The processor 1 includes a central processing unit (CPU) 9 in communication with a memory 8 for storing data and program information and also, via an input/output unit (I/O unit) 10, a touch pad 11 and a liquid crystal display (LCD) 12 which constitute the touch screen 2. The memory 8 may include a read-only part which is factory-programmed and a random-access part which stores data subject to change during operation. A settable real time clock 13 is used to keep time in the thermostat system to facilitate diverse operations, such as different temperature set points (desired temperatures), during different periods of the day cycle. An analog-to-digital converter 27 (which may not be required in all systems) serves to convert any analog information received by the I/O unit 10 to digital information which is suitable for use by the CPU 9. The thermostat system may be suitably powered by a battery (not shown) and/or from equipment to which is connected.
Temperature information from the sensor 5 and output signals to a space conditioning (heating and/or cooling) unit 3 pass through the I/O unit 10 under control of the CPU 9. Those skilled in the art will understand that if the correspondents external to the processor 1 communicating with the CPU 9 are all digital in nature (e.g., if the temperature sensor 5 incorporates its own analog-to-digital converter and sends a digital representation of temperature to the processor 1), then the I/O unit 10 may only constitute simple switching circuits. The liquid crystal display may optionally be backlit by any suitable means (not shown).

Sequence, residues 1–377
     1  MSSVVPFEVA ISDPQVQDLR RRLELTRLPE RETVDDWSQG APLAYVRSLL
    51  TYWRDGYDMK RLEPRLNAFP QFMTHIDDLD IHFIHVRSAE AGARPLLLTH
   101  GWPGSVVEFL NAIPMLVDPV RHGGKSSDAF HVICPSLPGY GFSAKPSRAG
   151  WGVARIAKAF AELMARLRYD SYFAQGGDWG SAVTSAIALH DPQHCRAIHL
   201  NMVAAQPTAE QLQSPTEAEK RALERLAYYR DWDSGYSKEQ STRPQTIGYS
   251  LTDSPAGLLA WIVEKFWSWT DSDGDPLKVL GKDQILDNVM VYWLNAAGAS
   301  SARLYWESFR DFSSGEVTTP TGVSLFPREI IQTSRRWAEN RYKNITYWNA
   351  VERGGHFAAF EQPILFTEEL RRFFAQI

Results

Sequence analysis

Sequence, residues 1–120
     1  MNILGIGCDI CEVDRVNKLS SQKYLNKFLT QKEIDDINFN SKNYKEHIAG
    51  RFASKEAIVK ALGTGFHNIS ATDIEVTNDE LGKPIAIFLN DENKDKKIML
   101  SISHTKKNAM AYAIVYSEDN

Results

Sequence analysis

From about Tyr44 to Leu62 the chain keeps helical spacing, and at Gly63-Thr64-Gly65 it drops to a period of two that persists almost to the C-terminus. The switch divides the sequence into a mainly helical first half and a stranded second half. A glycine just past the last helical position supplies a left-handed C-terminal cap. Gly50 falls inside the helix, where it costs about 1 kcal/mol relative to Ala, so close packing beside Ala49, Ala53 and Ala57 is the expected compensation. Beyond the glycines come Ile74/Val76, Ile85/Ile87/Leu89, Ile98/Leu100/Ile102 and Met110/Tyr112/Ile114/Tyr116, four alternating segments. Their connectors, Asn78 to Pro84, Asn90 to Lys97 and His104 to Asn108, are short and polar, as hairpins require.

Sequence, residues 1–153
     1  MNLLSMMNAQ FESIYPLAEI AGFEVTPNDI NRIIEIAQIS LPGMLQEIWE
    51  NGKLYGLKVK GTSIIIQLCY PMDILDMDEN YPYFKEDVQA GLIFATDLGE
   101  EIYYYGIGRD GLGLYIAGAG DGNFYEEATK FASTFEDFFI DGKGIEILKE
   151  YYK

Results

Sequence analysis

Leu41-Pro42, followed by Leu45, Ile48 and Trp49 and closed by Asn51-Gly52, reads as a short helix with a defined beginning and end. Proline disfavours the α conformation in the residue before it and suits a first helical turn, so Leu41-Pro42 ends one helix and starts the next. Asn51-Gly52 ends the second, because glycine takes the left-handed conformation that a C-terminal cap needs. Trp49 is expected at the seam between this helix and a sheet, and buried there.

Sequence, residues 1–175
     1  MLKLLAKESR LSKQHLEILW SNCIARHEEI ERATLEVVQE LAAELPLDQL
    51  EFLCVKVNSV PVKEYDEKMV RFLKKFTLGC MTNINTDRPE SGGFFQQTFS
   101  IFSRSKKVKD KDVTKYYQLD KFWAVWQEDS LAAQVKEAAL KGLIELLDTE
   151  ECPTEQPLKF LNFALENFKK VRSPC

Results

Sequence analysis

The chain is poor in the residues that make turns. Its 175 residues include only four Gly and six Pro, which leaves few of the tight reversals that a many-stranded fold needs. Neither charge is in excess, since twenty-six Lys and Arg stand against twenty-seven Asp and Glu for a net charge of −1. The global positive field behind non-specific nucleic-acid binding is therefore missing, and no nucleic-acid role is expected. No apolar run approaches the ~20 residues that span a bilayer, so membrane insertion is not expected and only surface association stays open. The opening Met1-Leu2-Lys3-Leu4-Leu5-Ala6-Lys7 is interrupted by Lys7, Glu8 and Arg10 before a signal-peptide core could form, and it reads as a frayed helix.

Thus, in the usual manner during normal operation, the temperature sensor 5 sends an electrical signal (e.g., if the sensor 5 is a simple thermistor, a resistance value; several types of temperature sensors are widely used) representative of the temperature within the conditioned space 4 which the processor can compare against a previously entered set point to determine if control signals need to be sent to the space conditioning equipment 3. For example, if the temperature in the conditioned space 4 is found to be too low when operation is in the heating mode, the processor 1 signals the spaced conditioning equipment 3 circulate, through ducts 6, 7, air from/to the conditioned space 4 which is heated by the space conditioning equipment before return to the conditioned space. This heating phase continues until the sensor 5 indicates that the space is now too hot (or approaching too hot) with reference to the set point such that the processor 1 sends signal(s) to the space conditioning equipment 3 to cease the heating function, all as very well known in the art. In a cooling mode, a counterpart procedure is followed. Those skilled in the art will understand that the control process typically includes such refinements as anticipation, hysterisis accommodation, fan control, etc. which are acknowledged, but are not directly relevant to the invention.